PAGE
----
The Ziploc bags are tucked into a shoebox in Aaron Heinsman’s freezer, near pouches of frozen vegetables and a cauliflower pizza crust.
Inside are birds. Hundreds of them. Common yellowthroats and American woodcocks and ovenbirds, avian ice cubes tightly sealed in plastic.
Each met a devastating end in Baltimore City during this year’s migration season, at the hands of glass buildings they didn’t see coming. The birds are collected by Lights Out Baltimore — a group that advocates for making buildings “bird-safe,” and collects data on bird collisions along the way.
And frozen those carcasses will remain — at least for the time being. Normally, the frosty songbirds would be bound for a museum collection or a laboratory. But because of the coronavirus pandemic, Heinsman and the group’s other bird-gathering volunteers have nowhere to take them.
“This is sort of uncharted territory for us,” Heinsman said.
Washington’s Smithsonian Museum of Natural History, where Baltimore’s birds usually land, is closed to donations. Plenty of scientific research that might make use of them remains on hold.
And so, for Lights Out volunteers, there is yet another strange coronavirus complication: birds in freezers. And lots of them.
“When people come over to my house: 'Oh, do you need some ice for your drink? I’ll get that for you,” said Lynne Parks, one of the group’s volunteers, who also stores fallen birds at home.
Heinsman added: “Explaining the dead birds has been interesting to friends, potential romantic partners and cat sitters."
The pandemic struck before Lindsay Jacks, the group’s director, could donate the 2019 haul, some 500 birds. And so they, too, fill a large standalone freezer in her basement, awaiting a return to relative normalcy alongside their human collectors. Soon, Jacks will buy a new freezer, the temporary resting place for another several hundred birds that died this year on city streets.
Practically every day during migration season, Lights Out volunteers scour downtown Baltimore beginning around 5 a.m., and circle the perimeters of skyscrapers in search of dead and injured birds. The dead are Ziplocked and placed into a waiting bucket, and the wounded are swept into paper bags, which are binder-clipped to the bucket’s lip. At the walk’s conclusion, the dazed songbirds — and sometimes bats — are brought to the Phoenix Nature Center in Baltimore County for rehabilitation.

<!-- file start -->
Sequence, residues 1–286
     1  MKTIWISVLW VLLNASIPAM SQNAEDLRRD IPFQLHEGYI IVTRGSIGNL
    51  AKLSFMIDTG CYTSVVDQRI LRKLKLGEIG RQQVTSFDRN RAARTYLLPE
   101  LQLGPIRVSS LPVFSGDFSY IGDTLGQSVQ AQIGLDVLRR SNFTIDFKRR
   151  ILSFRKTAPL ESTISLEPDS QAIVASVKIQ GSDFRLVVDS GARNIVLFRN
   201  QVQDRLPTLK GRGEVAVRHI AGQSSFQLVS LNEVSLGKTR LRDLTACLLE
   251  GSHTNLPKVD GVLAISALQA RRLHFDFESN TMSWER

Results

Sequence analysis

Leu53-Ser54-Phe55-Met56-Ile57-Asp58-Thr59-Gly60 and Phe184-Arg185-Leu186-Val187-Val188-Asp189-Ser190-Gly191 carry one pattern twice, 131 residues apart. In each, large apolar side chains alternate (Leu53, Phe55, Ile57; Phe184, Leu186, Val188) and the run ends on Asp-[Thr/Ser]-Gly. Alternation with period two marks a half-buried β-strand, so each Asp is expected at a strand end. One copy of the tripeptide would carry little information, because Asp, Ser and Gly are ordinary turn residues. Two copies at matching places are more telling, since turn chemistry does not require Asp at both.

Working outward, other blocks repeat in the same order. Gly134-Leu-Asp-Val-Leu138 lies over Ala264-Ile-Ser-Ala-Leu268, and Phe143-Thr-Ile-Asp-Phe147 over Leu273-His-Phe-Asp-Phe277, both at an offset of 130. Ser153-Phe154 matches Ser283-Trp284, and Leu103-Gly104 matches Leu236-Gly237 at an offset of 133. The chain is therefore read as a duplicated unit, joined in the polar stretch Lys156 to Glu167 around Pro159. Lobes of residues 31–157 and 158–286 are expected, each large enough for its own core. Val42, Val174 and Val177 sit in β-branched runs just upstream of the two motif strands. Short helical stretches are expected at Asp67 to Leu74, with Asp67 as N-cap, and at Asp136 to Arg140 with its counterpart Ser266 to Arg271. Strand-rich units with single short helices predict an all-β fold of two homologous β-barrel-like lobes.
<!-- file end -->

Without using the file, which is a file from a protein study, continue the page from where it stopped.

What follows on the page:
For the volunteers who have gone to incredible lengths to collect and maintain the specimens, their value to medical research and museum collections is without question. They keep the birds to ensure they won’t have died in vain, and in the hopes that they’ll contribute meaningfully to research by eventually adding to the Smithsonian’s collection.
In May, Johns Hopkins University School of Medicine researchers published a study they conducted using bird specimens from Lights Out.
Birds use up lots of oxygen when they fly, and despite the stress this exerts, they live remarkably long lives. Through their study, researchers discovered that a gene mutation — a deletion scientists haven’t observed in other vertebrate animals — helps them do so, said researcher Gianni M. Castiglione, who worked alongside Hopkins ophthalmology professor Elia J. Duh.
Most of the project’s research took place before COVID-19 halted laboratory work, Castiglione said.
The genome research could shed light on how to slow human aging using antioxidants. It also could help with the development of drugs to treat cancer and certain diseases of the eye. For cancer, it’s ideal to flip off the body’s antioxidant response; for certain ocular diseases, it’s ideal to kick it into overdrive.
For one month during three different migration seasons, Castiglione woke up around 4 a.m. to await word from Lights Out volunteers on their morning walks. Often, the injured birds they brought had lain outside for too long, and some tissue samples that Castiglione needed from their livers, lungs, hearts and skin weren’t viable. But most of the time, the birds could be used somehow to further the research.